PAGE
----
Guardian: Sea Ceptor: "MoD Signs £500m Missile Defence Deal"

Discussion in 'The Fleet' started by soleil, Jan 30, 2012.

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  1. .

    Good news (?) - but bloody stupid name, the average matelot will find numerous ways to mis-spell it.

    I somehow doubt the "500 mile radius" - it would make the Type 45's missiles look a bit anaemic, but 5 miles would be too small for present threats. I find the idea that the Army and RAF will use it quite amusing as well. The BIG question will be what radar/control system will be used or developed for it.

    Where does this leave the Aster 15 ( name correct ?) ?

    Need more info (and a simpler name - all "PR" geeks should be shot).

    .
     
    Last edited: Jan 31, 2012
  2. As this MoD article states, Sea Ceptor is meant to cover an area of 500 square miles, not a radius of 500 miles (or even a range of 500 miles as some articles mis-report). Wikipedia contains this article which gives the range as 25 kilometres (16 miles) or three times the range of Sea Wolf.

    Based on the airframe and some components of the ASRAAM (AIM-132 Advanced Short Range Air-to-Air Missile) infra-red air to air missile with updated electronics and an active radar seeker, Sea Ceptor is a version of CAMM (Common Anti-Air Modular Missile) incorporating Sea Viper technology.

    I doubt Type 23s are capable of carrying Aster 15 and its associated systems.
     
    Last edited: Jan 31, 2012
  3. Thanks for that Naval_Gazer - it does seem to compete nearly head-on with the Aster-15 (but presumably overcomes the perceived range limitations of the US Sea RAM system) ????.

    The article says "system", but then mainly talks about the "missile". I ASSUME that the cost is for "system" development, including some sort of lightweight radar, plus ops room ?

    .
     
  4. Can someone explain the difference between ASTER 15 and CAMM?
     
  5. CAMM is smaller - so can be quad-packed into a typical VLS cell that can only hold one A15, or dropped into a VL Sea Wolf launcher as a one-for-one replacement (so 32 x Sea Ceptor on those T23s getting it).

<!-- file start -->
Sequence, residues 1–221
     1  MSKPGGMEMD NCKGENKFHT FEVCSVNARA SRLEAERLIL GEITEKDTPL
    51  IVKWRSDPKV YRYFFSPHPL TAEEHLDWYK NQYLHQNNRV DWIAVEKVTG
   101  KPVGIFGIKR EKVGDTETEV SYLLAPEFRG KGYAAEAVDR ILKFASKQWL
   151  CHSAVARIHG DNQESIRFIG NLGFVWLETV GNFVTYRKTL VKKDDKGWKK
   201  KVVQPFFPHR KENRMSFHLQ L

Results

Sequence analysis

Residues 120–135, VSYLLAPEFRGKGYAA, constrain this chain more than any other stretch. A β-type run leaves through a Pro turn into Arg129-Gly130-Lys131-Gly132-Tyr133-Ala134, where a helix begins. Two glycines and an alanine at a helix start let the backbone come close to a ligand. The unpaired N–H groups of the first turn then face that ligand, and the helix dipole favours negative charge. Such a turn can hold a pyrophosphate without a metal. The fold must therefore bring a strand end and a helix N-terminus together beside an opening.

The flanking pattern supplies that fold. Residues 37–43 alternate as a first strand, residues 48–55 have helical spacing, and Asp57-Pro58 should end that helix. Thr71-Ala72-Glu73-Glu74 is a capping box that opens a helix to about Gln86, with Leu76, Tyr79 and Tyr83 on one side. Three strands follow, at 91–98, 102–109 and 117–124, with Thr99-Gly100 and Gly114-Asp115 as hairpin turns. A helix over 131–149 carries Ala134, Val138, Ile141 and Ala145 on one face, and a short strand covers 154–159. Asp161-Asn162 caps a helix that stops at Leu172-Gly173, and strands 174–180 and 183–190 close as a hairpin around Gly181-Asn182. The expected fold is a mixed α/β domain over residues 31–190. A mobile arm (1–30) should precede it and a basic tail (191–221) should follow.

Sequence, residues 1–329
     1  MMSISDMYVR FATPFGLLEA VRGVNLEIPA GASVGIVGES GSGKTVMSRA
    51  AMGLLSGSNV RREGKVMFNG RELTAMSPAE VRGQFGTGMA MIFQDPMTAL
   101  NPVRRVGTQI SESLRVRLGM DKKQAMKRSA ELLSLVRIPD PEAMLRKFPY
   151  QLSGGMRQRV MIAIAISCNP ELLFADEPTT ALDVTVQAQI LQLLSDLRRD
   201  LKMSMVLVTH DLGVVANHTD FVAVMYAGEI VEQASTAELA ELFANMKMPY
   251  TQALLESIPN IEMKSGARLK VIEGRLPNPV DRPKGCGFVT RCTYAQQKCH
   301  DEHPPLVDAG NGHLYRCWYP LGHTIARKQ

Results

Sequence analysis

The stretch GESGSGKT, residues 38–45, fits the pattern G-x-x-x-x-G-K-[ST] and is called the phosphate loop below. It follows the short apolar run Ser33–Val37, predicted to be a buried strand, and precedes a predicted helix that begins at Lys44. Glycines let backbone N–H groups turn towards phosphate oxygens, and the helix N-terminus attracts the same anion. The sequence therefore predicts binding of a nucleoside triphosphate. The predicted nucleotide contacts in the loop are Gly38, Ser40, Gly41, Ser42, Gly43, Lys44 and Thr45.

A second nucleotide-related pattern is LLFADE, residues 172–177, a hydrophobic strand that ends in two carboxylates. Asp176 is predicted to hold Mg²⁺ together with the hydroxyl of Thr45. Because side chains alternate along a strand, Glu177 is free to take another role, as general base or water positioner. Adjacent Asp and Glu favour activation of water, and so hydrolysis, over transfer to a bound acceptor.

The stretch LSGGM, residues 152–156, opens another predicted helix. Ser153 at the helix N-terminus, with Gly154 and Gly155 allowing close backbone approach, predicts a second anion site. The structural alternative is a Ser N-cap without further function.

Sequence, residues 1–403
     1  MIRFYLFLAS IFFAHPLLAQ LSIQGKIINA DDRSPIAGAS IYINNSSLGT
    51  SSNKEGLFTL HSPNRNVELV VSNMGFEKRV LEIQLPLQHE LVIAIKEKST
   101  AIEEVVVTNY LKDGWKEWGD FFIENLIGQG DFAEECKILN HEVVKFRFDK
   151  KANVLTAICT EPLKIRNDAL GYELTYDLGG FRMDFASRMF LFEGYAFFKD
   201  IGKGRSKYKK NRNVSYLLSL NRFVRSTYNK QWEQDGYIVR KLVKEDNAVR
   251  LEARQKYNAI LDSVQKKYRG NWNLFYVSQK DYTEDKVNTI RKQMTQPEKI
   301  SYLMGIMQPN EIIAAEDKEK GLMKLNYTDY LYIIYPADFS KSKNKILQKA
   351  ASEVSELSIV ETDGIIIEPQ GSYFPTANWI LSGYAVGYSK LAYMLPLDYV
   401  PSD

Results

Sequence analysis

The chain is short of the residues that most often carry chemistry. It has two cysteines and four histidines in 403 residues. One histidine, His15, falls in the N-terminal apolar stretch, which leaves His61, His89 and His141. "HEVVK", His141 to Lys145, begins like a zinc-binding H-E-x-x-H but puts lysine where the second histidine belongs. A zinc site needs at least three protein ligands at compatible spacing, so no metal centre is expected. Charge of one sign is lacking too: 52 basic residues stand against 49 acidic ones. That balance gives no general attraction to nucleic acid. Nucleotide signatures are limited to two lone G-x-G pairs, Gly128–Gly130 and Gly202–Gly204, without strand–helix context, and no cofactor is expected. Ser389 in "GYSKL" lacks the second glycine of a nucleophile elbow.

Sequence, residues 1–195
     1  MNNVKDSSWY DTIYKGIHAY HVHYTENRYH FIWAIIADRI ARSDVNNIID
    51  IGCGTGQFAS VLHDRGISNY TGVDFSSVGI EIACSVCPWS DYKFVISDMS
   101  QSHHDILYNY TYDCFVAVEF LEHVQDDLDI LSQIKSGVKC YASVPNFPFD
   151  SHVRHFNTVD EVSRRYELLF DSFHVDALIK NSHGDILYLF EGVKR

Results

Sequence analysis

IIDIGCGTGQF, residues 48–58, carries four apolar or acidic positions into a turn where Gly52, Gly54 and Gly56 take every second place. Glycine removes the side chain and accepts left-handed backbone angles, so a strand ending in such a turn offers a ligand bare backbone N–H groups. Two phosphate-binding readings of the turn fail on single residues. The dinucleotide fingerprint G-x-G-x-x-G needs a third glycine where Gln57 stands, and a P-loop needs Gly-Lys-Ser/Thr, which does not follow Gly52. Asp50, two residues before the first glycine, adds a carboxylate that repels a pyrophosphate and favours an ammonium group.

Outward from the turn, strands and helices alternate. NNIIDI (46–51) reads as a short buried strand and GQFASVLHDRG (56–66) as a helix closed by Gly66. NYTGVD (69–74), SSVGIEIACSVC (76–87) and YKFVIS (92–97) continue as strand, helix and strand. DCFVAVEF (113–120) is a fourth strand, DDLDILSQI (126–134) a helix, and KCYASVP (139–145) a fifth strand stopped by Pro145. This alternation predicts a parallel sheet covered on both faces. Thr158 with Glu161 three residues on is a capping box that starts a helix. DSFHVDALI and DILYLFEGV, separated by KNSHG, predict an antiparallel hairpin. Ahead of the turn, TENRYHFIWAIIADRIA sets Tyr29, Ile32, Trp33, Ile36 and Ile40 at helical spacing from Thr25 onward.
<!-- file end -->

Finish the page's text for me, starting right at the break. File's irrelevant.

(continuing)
It's a lot cheaper. Partly newer technology (same processing power and RAM costs a fraction of what it did when ASTER was designed), partly pulling through a lot of ASRAAM technology and components that are known to work.

    It's been accepted as being less capable against the really super scary threats, but the solution there is "fire more at those tough ones" (or in extremis, "hide behind the Type 45") rather than "make the missile really expensive to deal with the top-end threat using single shots"; while for the merely challenging threats, it's highly effective.

    It needs less infrastructure and support from the ship - ASTER needs Radar 1045 or EMPAR for a rapid update rate on the targets and for the uplink, while Sea Ceptor is happy with Radar 997 and a couple of small terminals for the datalink.

    It's got different ranges: less reach against highly supersonic weavers which ASTER was optimised for, as good or better against less violently agile targets (like anything manned, for example) where A15 runs out of energy. (Rocket science stuff about burn profiles and drag coefficients and suchlike).
     
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  6. Thanks alot. So once CAMM is operational in the fleet, would there be a need to load many ASTER 15 on a Type 45? Could it be the case the Type 23/26 has CAMM, while the Type 45 hold more ASTER 30s?
     

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